Since vanilla naturally compliments the sweeter facets of benzoin and since it's both considered a universal pleaser (especially so in the huge US market) and a semi-aphrodisiac (according to some perfumers' beliefs, notably Guerlain) it's used to boost the effect rendering most ambers quite sweet. Four notable examples of non sweet ambers, to escape that surypy effect, while still remaining "parfums ambrés", are Ambre Sultan by Lutens (the golden standard, mixing a pungently herbal top note including bay leaf and oregano), Ambra del Nepal by I Profumi di Firenze (using naturally cool and citrusy frankincense to put the sostenuto on amber), Ambre Fétiche by Goutal (drier than most thanks to Russian leather base) and Ambre Précieux by Maitre Parfumer et Gantier (beautifully balanced with aromatic top).

Ambergris on the other hand refers to the intenstines product of the sperm whale. Ambergris (also called "grey amber" and ambregris in French) is a substance that the wild sperm whale (Physeter macrocephalus Lin=P.catodon) regurgitates naturally, a sort of cetacean furball to cleanse its digestive track of remnants of indigested cuttlefish (quid beaks mainly). "Only, if you thought it was got rid of through the mouth, think again: it comes out the other end...[Kemp Chris., Floating Gold: A Natural (and Unnatural) History of Ambergris]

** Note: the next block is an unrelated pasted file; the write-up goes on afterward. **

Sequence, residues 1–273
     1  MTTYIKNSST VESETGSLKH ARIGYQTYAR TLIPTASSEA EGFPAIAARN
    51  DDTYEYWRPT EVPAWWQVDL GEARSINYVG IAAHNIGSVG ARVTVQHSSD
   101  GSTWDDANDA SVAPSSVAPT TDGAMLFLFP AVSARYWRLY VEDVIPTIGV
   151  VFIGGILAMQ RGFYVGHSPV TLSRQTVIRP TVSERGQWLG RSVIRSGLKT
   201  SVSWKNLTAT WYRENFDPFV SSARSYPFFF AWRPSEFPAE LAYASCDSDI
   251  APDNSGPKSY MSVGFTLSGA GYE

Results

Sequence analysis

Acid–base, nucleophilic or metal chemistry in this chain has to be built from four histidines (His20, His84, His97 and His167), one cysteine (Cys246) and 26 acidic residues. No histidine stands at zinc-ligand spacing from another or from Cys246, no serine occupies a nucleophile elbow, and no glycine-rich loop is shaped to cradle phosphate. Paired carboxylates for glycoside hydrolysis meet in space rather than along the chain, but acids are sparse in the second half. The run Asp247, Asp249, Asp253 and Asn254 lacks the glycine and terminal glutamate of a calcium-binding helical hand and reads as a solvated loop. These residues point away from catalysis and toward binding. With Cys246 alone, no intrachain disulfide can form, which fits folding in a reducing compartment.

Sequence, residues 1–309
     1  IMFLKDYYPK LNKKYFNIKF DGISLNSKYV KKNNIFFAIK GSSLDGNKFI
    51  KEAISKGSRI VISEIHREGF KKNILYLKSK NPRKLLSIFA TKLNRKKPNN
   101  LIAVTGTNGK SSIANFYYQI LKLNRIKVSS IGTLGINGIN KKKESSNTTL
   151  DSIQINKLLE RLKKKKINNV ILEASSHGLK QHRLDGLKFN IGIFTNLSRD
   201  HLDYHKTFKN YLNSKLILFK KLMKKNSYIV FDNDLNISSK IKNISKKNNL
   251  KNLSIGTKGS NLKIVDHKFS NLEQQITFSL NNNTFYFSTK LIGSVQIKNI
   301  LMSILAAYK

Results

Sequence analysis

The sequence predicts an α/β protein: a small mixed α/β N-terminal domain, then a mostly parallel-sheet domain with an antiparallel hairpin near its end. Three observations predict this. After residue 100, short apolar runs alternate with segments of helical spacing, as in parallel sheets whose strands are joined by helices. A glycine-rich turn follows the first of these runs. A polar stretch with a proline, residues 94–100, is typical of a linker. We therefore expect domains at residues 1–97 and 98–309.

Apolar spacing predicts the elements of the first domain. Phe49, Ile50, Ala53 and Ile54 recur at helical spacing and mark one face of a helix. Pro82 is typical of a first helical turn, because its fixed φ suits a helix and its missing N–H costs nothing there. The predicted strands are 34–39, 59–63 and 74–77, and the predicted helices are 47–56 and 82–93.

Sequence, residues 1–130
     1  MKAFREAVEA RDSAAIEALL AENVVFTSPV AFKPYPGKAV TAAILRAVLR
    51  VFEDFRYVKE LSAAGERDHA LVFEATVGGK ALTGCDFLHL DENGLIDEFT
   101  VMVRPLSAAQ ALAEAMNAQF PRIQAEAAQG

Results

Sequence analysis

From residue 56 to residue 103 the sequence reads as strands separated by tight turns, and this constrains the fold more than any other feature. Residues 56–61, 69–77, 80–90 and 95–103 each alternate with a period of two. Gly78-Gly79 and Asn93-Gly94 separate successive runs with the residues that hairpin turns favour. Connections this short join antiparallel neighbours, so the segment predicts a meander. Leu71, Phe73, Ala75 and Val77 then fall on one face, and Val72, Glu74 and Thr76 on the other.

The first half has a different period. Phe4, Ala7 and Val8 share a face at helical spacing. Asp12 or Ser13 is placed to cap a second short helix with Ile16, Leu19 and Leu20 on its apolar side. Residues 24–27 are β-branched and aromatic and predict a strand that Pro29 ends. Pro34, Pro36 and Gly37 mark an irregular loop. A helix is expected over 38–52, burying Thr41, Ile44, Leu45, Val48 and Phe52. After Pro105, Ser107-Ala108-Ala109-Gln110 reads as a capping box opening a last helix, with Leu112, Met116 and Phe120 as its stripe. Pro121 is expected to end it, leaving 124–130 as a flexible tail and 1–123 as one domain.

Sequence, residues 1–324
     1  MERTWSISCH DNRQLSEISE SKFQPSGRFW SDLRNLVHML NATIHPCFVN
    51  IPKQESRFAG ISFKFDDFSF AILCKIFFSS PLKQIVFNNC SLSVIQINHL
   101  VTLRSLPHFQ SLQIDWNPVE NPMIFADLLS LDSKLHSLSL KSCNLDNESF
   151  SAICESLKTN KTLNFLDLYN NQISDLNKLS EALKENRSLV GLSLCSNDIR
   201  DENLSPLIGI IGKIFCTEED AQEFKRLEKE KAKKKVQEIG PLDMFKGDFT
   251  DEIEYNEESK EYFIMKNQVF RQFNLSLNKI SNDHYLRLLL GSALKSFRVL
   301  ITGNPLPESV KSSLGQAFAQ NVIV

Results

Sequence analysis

"It’s hard not to fall in love with ambergris. Here is a solid lump of whale feces, weathered down—oxidized by salt water, degraded by sunlight, and eroded by waves — from the tarry mass to something that smells, depending on the piece and whom you’re talking to, like musk, violets, fresh-hewn wood, tobacco, dirt, Brazil nut, fern-copse, damp woods, new-mown hay, seaweed in the sun, the wood of old churches, or pretty much any other sweet-but-earthy scent". [Kemp Chris., Floating Gold: A Natural (and Unnatural) History of Ambergris]